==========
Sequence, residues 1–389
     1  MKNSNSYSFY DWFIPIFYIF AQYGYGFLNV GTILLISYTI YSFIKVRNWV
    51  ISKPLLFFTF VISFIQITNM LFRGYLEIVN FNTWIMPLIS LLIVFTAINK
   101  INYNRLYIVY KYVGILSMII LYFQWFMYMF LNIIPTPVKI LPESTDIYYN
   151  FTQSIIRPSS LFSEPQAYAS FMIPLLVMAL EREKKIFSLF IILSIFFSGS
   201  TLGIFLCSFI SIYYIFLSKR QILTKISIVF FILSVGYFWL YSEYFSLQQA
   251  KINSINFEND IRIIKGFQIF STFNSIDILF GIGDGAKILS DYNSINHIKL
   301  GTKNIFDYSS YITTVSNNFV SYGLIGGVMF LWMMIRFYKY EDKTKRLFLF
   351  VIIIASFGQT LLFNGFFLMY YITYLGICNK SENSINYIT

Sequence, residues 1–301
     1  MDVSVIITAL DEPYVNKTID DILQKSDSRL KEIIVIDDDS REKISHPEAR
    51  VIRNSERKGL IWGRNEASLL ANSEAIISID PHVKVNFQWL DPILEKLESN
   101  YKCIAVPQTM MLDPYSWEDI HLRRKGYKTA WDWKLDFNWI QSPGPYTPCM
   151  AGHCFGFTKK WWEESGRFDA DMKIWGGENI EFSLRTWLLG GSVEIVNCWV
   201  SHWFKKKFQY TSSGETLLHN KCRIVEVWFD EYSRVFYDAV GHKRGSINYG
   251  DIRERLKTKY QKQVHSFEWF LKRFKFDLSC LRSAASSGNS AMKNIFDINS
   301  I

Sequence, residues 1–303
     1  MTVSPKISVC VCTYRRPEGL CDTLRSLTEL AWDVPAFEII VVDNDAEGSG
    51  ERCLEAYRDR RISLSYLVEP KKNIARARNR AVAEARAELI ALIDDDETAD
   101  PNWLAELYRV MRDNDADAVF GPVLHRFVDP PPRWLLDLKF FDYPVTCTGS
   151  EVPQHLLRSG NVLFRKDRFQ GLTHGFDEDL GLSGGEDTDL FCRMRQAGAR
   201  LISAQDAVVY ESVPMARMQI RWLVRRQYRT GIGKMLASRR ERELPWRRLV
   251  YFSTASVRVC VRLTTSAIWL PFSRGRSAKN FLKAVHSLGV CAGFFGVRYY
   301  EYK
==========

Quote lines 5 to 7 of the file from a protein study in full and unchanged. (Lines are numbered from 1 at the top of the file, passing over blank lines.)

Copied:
   151  FTQSIIRPSS LFSEPQAYAS FMIPLLVMAL EREKKIFSLF IILSIFFSGS
   201  TLGIFLCSFI SIYYIFLSKR QILTKISIVF FILSVGYFWL YSEYFSLQQA
   251  KINSINFEND IRIIKGFQIF STFNSIDILF GIGDGAKILS DYNSINHIKL